It’s that time of year when the holidays are just around the corner. A fun, traditional way to start off the season is to take a trip to visit a Christmas tree farm. The beautiful scenery, brisk air, smell of the evergreen, and joy of choosing and harvesting your own tree fresh from the field is sure to lift you right into the spirit of the holidays.
There are many Christmas tree farms in the Little Finger Lakes area, particularly along the eastern side of Livingston County, where the morning sun hits the west side of hills at just the right angle for growing the trees. One such farm, unique in that it is the only one run by a mother-daughter team, is the All Western Evergreen Christmas Tree Farm on Liberty Pole Road in Springwater. The farm, run by Katherine Humphrey and her daughter, Jerrianne Scheiderich, has its Christmas tree plantation high on a hill overlooking the beautiful valley of the Town of Springwater below.
Katherine started the farm with her husband, Bill Humphrey, in 1968, just two years after they married. Bill had grown up on the farm, and had first been a dairy farmer there with his father, Theodore. After Theodore passed away in 1966, the land was added to and divided among Bill and his two brothers, Roger and Herb. Soon Bill and Katherine built a house on his acreage, and started growing seedlings from seeds of trees found only in the western part of the U. S., and they named their farm All Western Evergreen Nursery and Christmas Tree Farm.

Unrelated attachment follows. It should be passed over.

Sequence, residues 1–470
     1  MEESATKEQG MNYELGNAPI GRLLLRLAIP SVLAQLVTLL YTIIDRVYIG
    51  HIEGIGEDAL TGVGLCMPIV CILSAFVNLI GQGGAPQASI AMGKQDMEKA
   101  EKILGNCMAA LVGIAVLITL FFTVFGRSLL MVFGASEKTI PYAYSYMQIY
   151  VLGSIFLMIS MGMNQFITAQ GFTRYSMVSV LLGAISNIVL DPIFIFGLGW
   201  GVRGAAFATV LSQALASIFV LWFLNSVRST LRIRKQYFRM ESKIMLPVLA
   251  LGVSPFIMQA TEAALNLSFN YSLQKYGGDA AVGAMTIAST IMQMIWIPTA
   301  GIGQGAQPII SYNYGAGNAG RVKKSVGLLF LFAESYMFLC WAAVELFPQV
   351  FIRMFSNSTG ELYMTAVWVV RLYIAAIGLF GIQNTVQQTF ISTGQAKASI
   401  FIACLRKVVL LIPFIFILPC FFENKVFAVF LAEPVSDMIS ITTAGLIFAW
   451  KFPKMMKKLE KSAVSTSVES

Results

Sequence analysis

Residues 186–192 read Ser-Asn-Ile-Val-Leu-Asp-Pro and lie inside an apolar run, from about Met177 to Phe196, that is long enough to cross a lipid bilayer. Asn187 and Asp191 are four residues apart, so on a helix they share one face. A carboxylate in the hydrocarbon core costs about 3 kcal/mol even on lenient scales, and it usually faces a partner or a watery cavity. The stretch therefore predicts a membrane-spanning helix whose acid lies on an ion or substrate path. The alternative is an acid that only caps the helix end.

For many years Bill and Katherine worked together growing and selling seedlings from their nursery, then, eventually, the trees from the plantation fields, which take 7 to 10 years to grow full-size. They also became active members of many Christmas tree organizations-such as The National Christmas Tree Association (NCTA), the Christmas Tree Farmers Association of New York (CTFANY), and the Exotic Conifer Association and often attended training sessions at their conventions to learn more.
Sadly, Bill passed away in 2009, leaving Katherine to run the farm, but she is not alone; their daughter Jerrianne, who grew up on the farm and now lives three hours away in Lee Center, New York, with her husband and two children, makes the trip most weekends to help out at the farm. “Jerrianne knows how to run most all of the machinery,” says Katherine. They are concentrating on culturing trees from plugs grown from their seed at Van’s Pines Nursery in Michigan and are downsizing the nursery part of their business, as that was more what Bill had enjoyed and had been skilled to do.
They employ a team of five young local high school and college students who work Saturdays from April through December and three days a week in July and August, doing whatever needs to be done at the time: fertilizing, digging, planting, shearing, repairing equipment, and giving excellent customer service during the weekends between Thanksgiving and Christmas. Over 100 young people have now worked on this farm over the years.